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On-site drainage systems: performance evaluation of the control of surface runoff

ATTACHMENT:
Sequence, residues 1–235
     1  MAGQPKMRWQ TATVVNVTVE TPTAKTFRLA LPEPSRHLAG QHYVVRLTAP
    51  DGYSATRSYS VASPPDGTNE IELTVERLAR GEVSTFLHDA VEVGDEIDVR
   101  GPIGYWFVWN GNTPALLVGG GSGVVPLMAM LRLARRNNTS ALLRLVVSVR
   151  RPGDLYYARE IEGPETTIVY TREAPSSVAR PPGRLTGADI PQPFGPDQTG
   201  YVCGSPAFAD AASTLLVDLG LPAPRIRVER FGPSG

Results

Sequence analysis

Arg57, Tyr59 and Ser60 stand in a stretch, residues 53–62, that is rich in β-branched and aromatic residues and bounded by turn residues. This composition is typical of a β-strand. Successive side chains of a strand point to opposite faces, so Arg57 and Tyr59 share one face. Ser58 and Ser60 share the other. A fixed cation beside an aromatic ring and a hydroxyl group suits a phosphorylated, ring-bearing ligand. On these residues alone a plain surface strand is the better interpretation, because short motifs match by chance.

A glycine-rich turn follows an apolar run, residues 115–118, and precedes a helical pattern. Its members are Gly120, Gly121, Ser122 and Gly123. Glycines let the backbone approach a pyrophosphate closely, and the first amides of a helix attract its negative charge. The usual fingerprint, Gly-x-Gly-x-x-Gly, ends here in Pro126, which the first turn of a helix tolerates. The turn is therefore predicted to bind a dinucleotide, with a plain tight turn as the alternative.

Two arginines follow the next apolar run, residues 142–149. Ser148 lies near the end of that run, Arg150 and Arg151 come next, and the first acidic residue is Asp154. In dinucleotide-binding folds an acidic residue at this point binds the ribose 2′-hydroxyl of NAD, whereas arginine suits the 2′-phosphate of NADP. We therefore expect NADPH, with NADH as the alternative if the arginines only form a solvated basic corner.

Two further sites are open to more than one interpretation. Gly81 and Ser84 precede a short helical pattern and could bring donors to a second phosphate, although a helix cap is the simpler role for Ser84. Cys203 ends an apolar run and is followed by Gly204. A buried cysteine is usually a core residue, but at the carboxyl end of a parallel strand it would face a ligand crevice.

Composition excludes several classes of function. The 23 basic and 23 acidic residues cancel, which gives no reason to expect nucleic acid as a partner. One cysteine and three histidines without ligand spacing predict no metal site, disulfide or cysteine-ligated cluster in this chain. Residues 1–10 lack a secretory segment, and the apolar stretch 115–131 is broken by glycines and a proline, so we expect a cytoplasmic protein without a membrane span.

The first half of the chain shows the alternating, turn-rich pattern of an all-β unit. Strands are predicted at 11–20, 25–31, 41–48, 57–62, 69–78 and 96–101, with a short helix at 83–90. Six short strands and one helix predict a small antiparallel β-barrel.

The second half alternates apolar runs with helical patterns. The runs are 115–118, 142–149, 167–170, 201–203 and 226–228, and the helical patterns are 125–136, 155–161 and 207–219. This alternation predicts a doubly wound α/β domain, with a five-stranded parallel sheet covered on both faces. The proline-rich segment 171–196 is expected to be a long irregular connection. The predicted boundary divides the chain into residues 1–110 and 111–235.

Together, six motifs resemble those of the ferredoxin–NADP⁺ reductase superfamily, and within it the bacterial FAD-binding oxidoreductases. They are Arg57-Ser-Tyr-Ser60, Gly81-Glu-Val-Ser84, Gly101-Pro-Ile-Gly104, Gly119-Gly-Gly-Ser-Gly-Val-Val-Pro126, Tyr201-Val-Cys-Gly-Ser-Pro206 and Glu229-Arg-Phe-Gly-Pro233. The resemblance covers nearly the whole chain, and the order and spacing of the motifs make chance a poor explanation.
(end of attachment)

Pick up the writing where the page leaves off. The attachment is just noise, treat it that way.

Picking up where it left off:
The process of occupation of urban areas produces significant impacts on the water balance of the cities. The introduction of large impervious surfaces result in considerable increase of the volume of surface runoff and occurrence of urban floods. In order to mitigate this problem, technical and scientific community are seeking solutions of drainage systems that provide a lower impact during the process of development and works to complement the traditional solutions of drainage systems. Thus, these drainage systems, called source drainage, consist of technical solutions based on retention and detention, operate in lots of built-up areas and should be designed to maintain or restore the water balance in the period before urban occupation. In this way, this system reduces the volume of stormwater collected by the drainage building system that is disposed in the conventional urban drainage. However, the lack of technical knowledge regarding the performance, operation and limitations of source drainage systems generate several questions regarding its application and efficiency in combating urban flooding. Despite the possible benefits of source drainage it is necessary to emphasize that this design of drainage systems is relatively new, many of these techniques are currently used inappropriately because of the lack of a technical data base to enable a correlation over local parameters and design criteria. Thus, the study of this theme is justified because of the need for further investigation and monitoring over the long term for the techniques and methodologies are fully consolidated. The objective of this study is to evaluate source drainage systems, implemented in an experimental area in order to identify variables involved in their performance based on the observation of its operation during real and simulated rain events. The evaluation of the efficiency of the systems will be done over a seasonal cycle, by monitoring of geotechnical and hydrological parameters and comparison of hydrographs and infiltration profile of typical systems characteristics. The experimental systems will be tested for artificial rains with controlled flow and actual events that occurred during the study period. During the tests will be monitored the following variables: (1) soil moisture, (2) pore pressure, (3) water level, (4) emptying time, (5) input flow and (6) infiltration rate. These variables will be monitored by equipments installed in the boundary region of the infiltration systems. These data will be organized according to their relevance to support the development of a doctoral thesis, which aims to develop a mathematical model to represent these systems when subjected to different conditions of design parameters, considering this type of soil. As a result it is expected to determine the operational performance of drainage systems studied, when subjected to different conditions of intensity and duration of precipitation and saturation of the soil. In addition, we intend to raise the main parameters needed for the design, operation and maintenance of the studied drainage systems, and also to classify the most relevant variables to the performance of these systems. Data that will support the future development of a numerical model for the representation of the studied systems. Finally, the results obtained in this research will contribute to improve knowledge about the technical design, technical feasibility and limitations of application of rainwater infiltration systems in lots of built-up areas. (AU)

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